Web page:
Agave - is it really better than sugar?

April 4, 2014

I'm writing this blog, sparked by some misinformation I heard on the radio yesterday, on "better alternatives to white sugar".  Agave was promoted to be the best of the bunch by the nutritionist, but as you read below, the science and the facts tells us that it's not all that it's 'hyped up' to be.

 

So what is Agave?

 

Agave nectar is a sweet syrup commercially produced from several species of agave plants. The syrup is sweeter than honey and tends to be less viscous. Most agave syrup comes from Mexico and South Africa where the plant grows in the hot climate.

 

Agave has been labelled as a healthier alternative due to it's low glycaemic index (GI). It's also been labelled as a fabulous vegan substitute. However, most agave syrup is highly processed and concentrated and provides minimal nutrient value.

 

The main sugar in agave syrup is called inulin, which is made up mostly of fructose. In fact agave is 70 to 97 percent fructose, depending on the brand.  On the other hand white sugar contains glucose.

It is this high fructose content, which is even higher than that found in "high fructose corn syrup" by weight, that health professionals like Accredited Practising Dietitians criticise claims of agave syrup being a "better or more healthier alternative to sugar" by other so-called health experts.

What's the problem with a high fructose intake?

 

Fructose is one of our simple sugars, the others being glucose and galactose.  Any food or drink that contains carbohydrate will breakdown into one of these three simple sugars.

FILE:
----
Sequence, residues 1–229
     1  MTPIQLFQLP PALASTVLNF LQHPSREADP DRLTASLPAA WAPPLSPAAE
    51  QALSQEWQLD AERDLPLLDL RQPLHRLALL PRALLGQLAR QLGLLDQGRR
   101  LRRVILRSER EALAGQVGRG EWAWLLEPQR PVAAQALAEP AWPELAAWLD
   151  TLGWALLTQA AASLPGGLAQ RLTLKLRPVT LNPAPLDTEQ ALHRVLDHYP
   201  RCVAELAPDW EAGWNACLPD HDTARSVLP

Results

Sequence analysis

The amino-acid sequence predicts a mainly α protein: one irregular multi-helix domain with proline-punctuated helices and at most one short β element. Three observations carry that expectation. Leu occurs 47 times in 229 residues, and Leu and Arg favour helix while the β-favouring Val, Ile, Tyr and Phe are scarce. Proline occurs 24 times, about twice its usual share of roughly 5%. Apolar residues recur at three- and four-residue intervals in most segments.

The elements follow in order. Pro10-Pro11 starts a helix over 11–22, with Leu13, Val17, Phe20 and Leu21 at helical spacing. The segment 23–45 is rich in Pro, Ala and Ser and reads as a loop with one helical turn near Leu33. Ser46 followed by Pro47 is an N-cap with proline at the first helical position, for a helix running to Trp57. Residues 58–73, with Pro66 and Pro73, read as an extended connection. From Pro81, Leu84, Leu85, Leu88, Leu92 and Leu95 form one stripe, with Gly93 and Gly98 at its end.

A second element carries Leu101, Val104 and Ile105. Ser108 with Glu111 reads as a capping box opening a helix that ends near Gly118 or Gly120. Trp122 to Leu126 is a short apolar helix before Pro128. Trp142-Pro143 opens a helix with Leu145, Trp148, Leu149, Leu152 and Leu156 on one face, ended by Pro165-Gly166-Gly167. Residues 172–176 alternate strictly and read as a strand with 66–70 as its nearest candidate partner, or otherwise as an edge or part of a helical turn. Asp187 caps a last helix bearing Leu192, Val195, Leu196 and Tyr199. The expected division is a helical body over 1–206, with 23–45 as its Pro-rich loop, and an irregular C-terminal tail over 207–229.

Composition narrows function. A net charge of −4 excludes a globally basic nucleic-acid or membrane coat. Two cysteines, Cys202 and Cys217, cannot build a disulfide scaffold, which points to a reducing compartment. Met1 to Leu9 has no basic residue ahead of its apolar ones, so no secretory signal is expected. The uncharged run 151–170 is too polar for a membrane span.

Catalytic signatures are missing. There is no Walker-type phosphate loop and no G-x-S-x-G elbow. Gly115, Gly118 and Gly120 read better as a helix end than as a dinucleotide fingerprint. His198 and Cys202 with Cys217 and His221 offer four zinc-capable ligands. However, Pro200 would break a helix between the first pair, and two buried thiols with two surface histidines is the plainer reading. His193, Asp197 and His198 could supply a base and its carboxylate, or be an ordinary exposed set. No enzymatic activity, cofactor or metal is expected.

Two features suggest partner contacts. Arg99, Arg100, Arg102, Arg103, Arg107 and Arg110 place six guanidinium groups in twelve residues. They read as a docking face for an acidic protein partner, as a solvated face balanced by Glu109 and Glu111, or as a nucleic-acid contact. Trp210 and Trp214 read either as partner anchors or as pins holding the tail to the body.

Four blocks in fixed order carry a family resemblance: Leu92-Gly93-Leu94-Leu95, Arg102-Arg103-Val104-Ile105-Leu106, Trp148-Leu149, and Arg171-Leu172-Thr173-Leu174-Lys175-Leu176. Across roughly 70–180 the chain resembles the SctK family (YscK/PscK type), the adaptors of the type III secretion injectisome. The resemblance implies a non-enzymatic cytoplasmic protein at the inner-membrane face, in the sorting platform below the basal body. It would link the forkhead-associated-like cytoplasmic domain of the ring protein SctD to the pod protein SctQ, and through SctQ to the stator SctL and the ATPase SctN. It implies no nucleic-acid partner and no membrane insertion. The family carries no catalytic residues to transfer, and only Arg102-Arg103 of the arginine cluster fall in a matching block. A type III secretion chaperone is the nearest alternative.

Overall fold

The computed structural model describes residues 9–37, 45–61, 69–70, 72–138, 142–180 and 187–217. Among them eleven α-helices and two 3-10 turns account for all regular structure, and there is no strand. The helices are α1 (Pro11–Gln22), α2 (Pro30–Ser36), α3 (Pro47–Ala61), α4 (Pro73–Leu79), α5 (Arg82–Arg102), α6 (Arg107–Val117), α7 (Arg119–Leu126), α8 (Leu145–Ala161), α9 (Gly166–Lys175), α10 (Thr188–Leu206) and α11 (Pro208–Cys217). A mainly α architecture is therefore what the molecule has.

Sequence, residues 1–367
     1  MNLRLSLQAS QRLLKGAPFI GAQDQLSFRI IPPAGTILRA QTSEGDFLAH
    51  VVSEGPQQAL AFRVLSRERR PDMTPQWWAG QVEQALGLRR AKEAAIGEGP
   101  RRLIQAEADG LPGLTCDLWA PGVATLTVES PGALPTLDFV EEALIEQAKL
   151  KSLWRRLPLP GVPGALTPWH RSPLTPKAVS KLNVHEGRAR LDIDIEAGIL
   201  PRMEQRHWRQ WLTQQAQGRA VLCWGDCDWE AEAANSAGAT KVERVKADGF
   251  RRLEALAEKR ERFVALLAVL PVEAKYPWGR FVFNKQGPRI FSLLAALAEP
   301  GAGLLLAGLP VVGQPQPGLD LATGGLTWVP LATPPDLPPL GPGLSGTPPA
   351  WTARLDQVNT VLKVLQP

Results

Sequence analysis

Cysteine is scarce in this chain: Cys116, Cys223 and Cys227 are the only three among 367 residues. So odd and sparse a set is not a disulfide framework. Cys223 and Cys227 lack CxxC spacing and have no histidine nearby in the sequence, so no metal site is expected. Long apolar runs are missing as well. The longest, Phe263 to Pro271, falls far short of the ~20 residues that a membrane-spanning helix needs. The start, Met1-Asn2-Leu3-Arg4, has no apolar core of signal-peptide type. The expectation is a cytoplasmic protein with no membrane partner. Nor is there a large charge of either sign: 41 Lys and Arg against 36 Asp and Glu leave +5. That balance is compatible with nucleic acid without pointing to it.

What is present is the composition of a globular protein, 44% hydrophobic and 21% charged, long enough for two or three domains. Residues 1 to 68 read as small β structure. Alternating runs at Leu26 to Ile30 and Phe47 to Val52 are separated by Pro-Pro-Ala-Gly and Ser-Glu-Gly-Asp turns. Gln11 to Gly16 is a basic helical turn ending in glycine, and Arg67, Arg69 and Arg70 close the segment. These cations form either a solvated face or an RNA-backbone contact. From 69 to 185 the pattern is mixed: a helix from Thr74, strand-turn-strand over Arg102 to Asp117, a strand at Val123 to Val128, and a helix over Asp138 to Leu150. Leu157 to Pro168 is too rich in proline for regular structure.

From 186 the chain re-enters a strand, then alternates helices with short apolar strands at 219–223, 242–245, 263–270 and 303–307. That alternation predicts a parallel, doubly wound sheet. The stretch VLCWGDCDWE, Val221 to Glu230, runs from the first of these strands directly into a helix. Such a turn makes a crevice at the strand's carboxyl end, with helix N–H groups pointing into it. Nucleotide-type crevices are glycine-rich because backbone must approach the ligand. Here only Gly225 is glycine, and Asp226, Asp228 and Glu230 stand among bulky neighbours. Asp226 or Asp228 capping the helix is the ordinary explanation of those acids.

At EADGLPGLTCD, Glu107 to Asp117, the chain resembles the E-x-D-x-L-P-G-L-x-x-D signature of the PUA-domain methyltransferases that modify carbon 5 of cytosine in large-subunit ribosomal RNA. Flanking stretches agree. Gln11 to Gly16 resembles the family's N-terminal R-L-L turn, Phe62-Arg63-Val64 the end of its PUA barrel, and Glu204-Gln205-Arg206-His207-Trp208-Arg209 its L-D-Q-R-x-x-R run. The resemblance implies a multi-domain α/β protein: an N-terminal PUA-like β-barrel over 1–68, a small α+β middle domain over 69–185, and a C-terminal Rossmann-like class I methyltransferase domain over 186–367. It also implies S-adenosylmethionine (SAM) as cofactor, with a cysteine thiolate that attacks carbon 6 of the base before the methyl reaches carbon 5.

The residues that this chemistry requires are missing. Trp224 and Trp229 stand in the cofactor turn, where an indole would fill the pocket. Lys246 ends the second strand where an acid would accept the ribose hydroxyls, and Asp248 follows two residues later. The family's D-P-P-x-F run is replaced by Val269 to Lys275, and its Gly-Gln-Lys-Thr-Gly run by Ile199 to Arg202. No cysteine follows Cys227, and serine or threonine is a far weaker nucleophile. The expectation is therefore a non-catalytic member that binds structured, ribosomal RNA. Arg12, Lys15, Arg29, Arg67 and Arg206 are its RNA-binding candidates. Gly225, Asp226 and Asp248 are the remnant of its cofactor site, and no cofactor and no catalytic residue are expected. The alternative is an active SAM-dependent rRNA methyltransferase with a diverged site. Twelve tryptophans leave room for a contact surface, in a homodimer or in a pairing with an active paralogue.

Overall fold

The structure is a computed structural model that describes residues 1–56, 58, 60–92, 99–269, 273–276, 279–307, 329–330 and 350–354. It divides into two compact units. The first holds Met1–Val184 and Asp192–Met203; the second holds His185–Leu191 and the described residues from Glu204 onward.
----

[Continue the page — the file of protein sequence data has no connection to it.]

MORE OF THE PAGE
Fructose isn't broken down the same way as glucose and galactose, instead it's processed by the liver and converted into free fatty acids (FFAs), VLDL (the damaging form of cholesterol) and tryglycerides, which get stored as fat.

 

Fructose metabolism can also lead to insulin resistance and non-alcoholic fatty liver disease (NAFLD), two major health issues, paritcularly in the Western/affulent society, that also lead to obesity. 

 

On top of this, we humans don't breakdown fructose very efficiently, and the gases produced in our gut as a result, can lead to diarrhoea, bloating, wind and constipation. Some people find relief if they go on a low FODMAP diet for a short time as per their guidance of an Accredited Practising Dietitian.

 

And this is just the start of the long list of problems from a high fructose load!!

 

 

 

Hold on! What about fruit? Isn't fructose the sugar found in fruit?

 

That's right, fructose is the main sugar found in our fresh and frozen fruits. However, the fructose in fruit is not alone. It's there along with a good dose of glucose, nutrients, antioxidants and not to mention fibre too! In fact, there are a number of fruits which contain more glucose than fructose, and these are the ones recommended on a low FODMAP diet.

 

So by no means should anyone skip their fruit, especially without the direction of their allergist or dietitian. But for the same reason as agave being highly processed and a concentrated source of refined sugar with low nutrient value, we do not recommend fruit syrups or juices either.

 

The Bottom Line ...

 

Is agave any better than white sugar? I hope you can see from the facts here that you won't be doing yourself any favours by doing the "switch".

 

 

 

References:

  1. Dr Mercola 2013 – Sugar substitutes, what’s safe, what’s not

  2. What is Agave nectar? - http://en.wikipedia.org/wiki/Agave_nectar

 

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